What is the climate where you want to move to versus where you live now. Sometimes cows have a hard time making the climate/grass/forage change and fail to thrive, sometimes they do even better than where they came from. Will the size of property you can buy sustain you or will one or both of you have to work off the ranch? What is the job market and what are your skills?

That is all I can think of right now. Toss this around and post some more of your ideas.
 

Ceilismom

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baymule said:
Go to your closest Small Business Administration office, but don't stop there. Many universities and Jr. colleges have offices that help you with your business plan to submit for a SBA loan. You don't have to take out the loan or put in an application for one, but maybe they can help you with planning your business. Thank you! I'll start tracking down an office tomorrow.

You will need at the very least, a 3 year projection of all expenses and income. Three years on a cattle ranch is barely getting off the ground if starting with young heifers, so I would do a 5 year projection. This would include land payments, taxes, insurance, equipment, feed/hay, fuel, labor, barns, corrals, everything you can think of. Work it out IN PENCIL on a spread sheet (so you can erase) or spread sheets on computer.

Then make spread sheets for projected income, including any off-farm income.

You already know what costs are and you know what cows sell for. You'd think so, wouldn't you? But the fact is, MIL handles the bookkeeping, so neither of her sons have much of a clue about the overall picture of expenses. They know things like "mineral is too expensive this year, we're not putting any out", and ""$60,000 is a good price for that tractor, we've got the cash in the bank, so let's get it". This dynamic is part of why we're done. Mind you, I'm sure I can weed through the tax records and receipts for that information, but the list you just gave me is exactly what I needed to make sure I get all the info that I need. Now put it down on paper. Then do it again and add all the tiny details you didn't think of the first time. I prefer the paper spread sheets over computer because I can see it all at the same time without scrolling up or down. Just my preference.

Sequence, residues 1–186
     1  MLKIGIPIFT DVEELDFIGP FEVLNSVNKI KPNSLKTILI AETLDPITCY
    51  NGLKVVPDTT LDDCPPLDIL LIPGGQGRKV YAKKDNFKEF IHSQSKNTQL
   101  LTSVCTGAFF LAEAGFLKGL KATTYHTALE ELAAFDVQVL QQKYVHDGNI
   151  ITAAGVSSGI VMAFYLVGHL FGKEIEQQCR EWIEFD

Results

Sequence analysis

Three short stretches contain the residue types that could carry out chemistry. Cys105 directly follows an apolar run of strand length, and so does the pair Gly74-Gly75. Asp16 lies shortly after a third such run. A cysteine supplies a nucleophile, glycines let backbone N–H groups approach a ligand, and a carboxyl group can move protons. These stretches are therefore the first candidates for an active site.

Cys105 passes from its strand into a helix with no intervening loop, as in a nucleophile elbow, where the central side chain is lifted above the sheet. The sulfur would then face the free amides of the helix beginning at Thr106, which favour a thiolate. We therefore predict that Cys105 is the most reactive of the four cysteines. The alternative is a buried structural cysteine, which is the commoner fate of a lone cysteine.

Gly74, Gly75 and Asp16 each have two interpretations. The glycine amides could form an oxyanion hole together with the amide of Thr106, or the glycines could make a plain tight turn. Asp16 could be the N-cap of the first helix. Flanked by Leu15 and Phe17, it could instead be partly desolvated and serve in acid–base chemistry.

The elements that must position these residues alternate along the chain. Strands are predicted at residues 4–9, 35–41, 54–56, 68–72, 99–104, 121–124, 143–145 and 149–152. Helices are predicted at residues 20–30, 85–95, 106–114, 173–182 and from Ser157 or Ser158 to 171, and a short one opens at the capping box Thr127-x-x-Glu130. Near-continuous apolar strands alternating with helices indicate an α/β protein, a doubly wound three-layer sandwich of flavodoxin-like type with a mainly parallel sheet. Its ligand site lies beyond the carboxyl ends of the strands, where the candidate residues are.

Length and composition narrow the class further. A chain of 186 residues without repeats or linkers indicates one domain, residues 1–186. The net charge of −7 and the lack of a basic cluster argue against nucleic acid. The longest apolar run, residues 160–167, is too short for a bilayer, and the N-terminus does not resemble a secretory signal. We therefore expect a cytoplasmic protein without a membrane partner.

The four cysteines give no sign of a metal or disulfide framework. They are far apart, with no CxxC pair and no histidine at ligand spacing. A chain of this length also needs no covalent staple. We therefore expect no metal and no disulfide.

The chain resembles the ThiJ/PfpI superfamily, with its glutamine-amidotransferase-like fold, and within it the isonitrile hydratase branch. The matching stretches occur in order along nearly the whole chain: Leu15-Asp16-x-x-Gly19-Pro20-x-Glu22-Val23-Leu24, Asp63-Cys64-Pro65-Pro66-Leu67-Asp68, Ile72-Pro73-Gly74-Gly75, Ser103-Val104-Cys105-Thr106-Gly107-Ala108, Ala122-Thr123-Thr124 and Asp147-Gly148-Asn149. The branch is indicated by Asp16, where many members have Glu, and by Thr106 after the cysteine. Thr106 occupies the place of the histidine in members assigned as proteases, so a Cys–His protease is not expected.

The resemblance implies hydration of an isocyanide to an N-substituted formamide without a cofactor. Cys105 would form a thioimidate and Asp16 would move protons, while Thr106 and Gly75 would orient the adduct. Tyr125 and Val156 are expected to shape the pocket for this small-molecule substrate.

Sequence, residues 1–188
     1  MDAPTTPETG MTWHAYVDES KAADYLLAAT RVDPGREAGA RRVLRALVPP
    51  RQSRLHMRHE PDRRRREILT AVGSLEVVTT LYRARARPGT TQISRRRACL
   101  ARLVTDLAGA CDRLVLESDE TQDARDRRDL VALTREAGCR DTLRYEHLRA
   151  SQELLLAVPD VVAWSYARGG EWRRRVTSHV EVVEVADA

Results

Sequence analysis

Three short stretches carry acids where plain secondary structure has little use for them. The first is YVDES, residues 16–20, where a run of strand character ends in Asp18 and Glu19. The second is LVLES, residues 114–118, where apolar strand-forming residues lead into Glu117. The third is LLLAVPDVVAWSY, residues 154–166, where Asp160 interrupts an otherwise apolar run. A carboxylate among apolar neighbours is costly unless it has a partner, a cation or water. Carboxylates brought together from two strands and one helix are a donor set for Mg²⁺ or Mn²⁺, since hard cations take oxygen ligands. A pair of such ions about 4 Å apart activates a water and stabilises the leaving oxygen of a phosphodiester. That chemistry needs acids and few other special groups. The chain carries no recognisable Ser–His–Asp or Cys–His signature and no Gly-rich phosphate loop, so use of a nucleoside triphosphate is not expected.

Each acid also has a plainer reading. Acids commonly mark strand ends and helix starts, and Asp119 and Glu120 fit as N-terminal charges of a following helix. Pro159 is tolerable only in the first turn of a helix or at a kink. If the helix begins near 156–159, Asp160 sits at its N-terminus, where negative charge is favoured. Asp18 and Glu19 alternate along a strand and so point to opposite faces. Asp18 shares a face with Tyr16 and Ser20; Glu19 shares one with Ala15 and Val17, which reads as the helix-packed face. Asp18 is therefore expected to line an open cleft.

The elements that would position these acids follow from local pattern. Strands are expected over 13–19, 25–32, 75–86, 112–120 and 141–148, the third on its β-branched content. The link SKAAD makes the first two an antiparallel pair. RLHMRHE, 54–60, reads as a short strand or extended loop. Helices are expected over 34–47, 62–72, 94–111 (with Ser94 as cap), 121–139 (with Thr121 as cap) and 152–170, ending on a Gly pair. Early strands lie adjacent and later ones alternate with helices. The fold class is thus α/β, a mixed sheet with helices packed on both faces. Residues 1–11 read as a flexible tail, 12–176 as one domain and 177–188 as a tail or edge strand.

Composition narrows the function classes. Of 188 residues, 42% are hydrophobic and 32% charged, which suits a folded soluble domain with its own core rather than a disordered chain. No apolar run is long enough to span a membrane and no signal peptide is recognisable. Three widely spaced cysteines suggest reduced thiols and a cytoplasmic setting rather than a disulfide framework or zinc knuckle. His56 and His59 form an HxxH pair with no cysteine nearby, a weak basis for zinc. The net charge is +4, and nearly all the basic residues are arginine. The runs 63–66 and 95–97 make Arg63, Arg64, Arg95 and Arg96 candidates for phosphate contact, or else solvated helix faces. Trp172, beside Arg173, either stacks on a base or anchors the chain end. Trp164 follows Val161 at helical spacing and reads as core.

Would you sell calves only? Registered stock or grade? Selling registered bulls? Heritage breeds or the souped up double muscled breeds? Grass fed or selling to feed lots? Organic with no antibiotics, chemical wormers, or pump 'em full of both? Private sales or auction barn? Buying hay or cutting your own? We currently run grade angus and angus/hereford cross which we keep til they're about 15 months old and sell at the auction barn to feedlots. We'd prefer to be just selling calves, because yearlings are difficult to manage in our current operation. We aren't organic, but we don't use fertilizers (other than manure cleaned out of the barns) herbicides or pesticides on the land. Cattle get vaccines at branding and breeding, a dose of Ivomec in the fall, antibiotics only when sick. DH and BIL, by themselves, cut 800 acres of alfalfa every summer, and we're pretty sick of that too. Our preference would be intensive grazing, stockpiling forage, and letting someone else put up hay on shares on whatever hay ground is part of the property we purchase. The pressure that comes with putting up 800 acres that's all ready at the same time is part of what we want to be done with.

What kind of grasses and forage? Snow? Year round grass? We've gotten answers both ways on the year-round grass, which leads me to believe that it's possible some years, but you'd better have some bales in reserve just in case. Grasses seem to be primarily fescue, and it's accompanying problems. Snow should be less, and melt off faster, than what we've been used to.